|2019 Rugby World Cup|
|Hosts: Japan Dates: 20 September to 2 November|
|Coverage: Full commentary on every game across BBC Radio 5 Live and Radio 5 Live Sports Extra, plus text updates on the BBC Sport website and app.|
If Saturday in Japan was all about the shock of the home nation’s win over world number two Ireland, Sunday was about the how and what next.
There have been times, travelling round this country in the past three weeks, when the World Cup has felt like a warm-up act for the Tokyo Olympics that follow next summer.
Not any more. With every newspaper front page in the country plastered with images of the Brave Blossoms and their celebrating fans, even the talk in England’s training camp was dominated by the land of the scything run.
Steve Borthwick is England’s forwards coach out here. Four years ago he had the same role with Japan, once again under Eddie Jones, as they pulled off a remarkable 34-32 win over two-time world champions South Africa.
If that game became known as the Miracle of Brighton, and is now the subject of a feature film, the Shizuoka Sensation came as far less of a surprise to the well-travelled Borthwick.
“They play smart, they’ve got speed, they’ve got talent,” says Borthwick.
“Jamie Joseph and Tony Brown are very good coaches. But the big thing is the tenacity with which the team plays. They’re very impressive in that regard.
“They are much better physically prepared than they used to be. They’re smarter tactically than they were. They’re good to watch and they play to their strengths.
“We saw when England played them last November how good they are. That first half was a tough half.
“When you see the excitement in the stadium, the passion the supporters have, that’s the same wherever you go in Japan.”
Joseph and Brown, both former All Blacks, spent time with Jones and Borthwick in the build-up to the last World Cup. They then spent a week watching England’s head coach at work with his team last autumn.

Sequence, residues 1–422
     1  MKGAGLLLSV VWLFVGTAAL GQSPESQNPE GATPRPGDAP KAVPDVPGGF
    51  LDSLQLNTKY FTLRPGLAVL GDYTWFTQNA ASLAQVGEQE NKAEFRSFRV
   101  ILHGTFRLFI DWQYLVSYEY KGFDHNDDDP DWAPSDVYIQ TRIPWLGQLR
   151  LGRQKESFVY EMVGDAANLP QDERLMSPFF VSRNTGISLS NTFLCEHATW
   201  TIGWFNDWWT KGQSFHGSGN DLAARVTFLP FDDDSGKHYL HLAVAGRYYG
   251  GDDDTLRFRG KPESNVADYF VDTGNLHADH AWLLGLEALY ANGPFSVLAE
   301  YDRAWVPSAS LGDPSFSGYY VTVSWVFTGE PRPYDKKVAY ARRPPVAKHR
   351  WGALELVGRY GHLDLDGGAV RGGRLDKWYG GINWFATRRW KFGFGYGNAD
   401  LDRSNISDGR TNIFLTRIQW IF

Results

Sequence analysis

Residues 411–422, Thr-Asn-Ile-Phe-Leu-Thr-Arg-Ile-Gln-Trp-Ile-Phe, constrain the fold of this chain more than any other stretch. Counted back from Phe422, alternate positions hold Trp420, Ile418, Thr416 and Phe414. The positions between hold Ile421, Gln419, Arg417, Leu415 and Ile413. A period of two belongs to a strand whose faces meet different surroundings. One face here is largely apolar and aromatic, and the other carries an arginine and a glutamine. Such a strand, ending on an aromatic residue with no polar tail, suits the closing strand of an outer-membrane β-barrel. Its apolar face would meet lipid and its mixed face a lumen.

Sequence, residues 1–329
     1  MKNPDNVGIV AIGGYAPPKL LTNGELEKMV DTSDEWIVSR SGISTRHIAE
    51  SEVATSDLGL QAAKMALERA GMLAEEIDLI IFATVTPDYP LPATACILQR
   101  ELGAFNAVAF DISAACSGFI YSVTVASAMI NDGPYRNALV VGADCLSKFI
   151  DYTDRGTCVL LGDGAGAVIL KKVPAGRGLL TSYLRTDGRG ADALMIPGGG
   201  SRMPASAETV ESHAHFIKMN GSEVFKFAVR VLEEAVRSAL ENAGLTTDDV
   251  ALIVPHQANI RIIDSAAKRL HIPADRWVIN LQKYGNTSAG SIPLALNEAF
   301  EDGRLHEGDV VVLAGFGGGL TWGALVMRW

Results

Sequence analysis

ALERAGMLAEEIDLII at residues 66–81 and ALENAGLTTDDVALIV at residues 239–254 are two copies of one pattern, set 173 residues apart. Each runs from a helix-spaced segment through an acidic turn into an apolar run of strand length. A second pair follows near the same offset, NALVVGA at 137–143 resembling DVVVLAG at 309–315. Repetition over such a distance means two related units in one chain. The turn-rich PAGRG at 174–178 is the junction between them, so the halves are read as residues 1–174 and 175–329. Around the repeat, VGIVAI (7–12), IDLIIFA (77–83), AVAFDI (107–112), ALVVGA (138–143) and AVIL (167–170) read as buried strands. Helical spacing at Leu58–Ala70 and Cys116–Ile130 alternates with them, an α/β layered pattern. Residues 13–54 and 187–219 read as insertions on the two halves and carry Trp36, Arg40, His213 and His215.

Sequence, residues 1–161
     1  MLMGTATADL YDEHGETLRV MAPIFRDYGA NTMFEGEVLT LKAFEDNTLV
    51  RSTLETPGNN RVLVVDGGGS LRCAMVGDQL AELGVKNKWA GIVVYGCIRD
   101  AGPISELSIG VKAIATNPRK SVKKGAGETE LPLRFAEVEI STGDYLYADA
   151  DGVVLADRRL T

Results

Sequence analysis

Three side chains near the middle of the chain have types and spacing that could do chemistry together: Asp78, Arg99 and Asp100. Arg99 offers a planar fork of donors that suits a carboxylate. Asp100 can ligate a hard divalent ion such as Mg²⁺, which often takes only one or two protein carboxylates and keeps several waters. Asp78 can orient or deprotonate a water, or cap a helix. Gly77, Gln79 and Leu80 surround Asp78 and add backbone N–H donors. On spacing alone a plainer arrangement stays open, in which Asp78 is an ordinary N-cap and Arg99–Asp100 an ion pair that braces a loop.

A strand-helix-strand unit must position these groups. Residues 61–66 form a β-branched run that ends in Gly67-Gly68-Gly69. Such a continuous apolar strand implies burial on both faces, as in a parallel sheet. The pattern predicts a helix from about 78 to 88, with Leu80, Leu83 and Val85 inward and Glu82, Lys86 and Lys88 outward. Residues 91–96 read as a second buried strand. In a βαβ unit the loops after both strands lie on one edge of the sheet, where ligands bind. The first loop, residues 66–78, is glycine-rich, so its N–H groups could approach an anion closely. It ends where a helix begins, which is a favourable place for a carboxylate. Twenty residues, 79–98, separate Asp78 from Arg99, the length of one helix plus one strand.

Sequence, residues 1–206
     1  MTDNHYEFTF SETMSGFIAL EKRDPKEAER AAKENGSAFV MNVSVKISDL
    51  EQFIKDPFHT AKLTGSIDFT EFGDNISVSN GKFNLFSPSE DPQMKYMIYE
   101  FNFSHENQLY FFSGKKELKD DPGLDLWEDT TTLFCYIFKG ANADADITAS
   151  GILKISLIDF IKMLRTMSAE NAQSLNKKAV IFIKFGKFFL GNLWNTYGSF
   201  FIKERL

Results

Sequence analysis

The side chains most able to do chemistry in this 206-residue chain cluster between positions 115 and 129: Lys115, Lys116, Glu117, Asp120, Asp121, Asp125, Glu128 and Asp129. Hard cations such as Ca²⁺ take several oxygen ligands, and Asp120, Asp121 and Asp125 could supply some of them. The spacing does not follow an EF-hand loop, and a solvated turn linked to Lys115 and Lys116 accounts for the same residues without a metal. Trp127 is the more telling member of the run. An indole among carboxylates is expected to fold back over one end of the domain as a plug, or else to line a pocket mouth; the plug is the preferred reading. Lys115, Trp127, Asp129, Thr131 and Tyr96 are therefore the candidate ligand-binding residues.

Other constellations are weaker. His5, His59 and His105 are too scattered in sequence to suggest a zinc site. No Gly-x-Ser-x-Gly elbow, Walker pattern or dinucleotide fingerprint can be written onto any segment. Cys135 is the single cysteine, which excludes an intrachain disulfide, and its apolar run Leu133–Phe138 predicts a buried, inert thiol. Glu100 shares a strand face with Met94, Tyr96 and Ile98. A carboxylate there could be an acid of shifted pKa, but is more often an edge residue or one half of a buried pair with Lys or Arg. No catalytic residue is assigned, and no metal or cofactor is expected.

The question now being asked of the current Japan coaching set-up is how much further they might go. Despite beating the Springboks in 2015, Japan failed to qualify from the group stages, their defeat by Scotland critical.
This time they have Scotland in their sights. Win their remaining group games and they could meet the All Blacks in the quarter-finals. Finish second and it could be South Africa once again.
“A big area of development before 2015 was getting the expectation that the team could win, so seeing them go out the way they did on Saturday was great,” says Borthwick.
“Now they’re effectively backing up 2015 and they’re building on what has been done before.
“There’s a lot of competition for sport over here. Look at the support baseball gets. Rugby, in a lot of ways, dropped down quite a bit prior to 2015.
“When you look at their World Cup record before then it didn’t make pretty reading. The team in 2015 felt the responsibility for the sport in general in Japan, and you saw that growth.
“Rugby’s got a long history here. The success of this Japan side could be really fantastic – there will be a lot of young kids watching that game yesterday who now want to play rugby.”
Borthwick and the rest of the England party now move to Tokyo, travelling on the Shinkansen express train after being given two days off by Jones.
While several players met up with their families and others went shopping in Kobe’s backstreets and nearby Osaka’s malls, centre Piers Francis will spend the later part of the day facing a World Rugby citing commission after his controversial tackle on Will Hooley in Friday’s win over the USA.
Francis, the fourth player to be cited in the World Cup’s opening week, is facing the possibility of a three-week ban if found guilty.
But team-mate Courtney Lawes, the tallest member of England’s 32-man squad, insists that there is no issue with the new tackle regulations amongst the players.
“I’m not entirely sure it’s being made out to be a bigger thing than it is – we’re taught how to tackle and how to tackle well,” says Lawes, who has been playing at the highest level for a decade.
“Generally everyone in this team goes low, goes for the chop tackle. Occasionally you try to hit the ball, which is perfectly legal.
“It’s just every now and then people make mistakes. You can get a high tackle through human error.
“We’re not generally running around trying to take people’s heads off. We’re trying to play safe, play fair, but mistakes happen.
“The game needs to be safe and should be safe. People are trying to put in big hits, which is good for your team, but we’re trying to make good legit tackles.
“I don’t tackle high, so it’s not something I’m really worried about. I’m going to go about my business and let the bigwigs decide on whatever rules they want to.”
England play Argentina in Tokyo next Saturday before completing their group games against France the following weekend.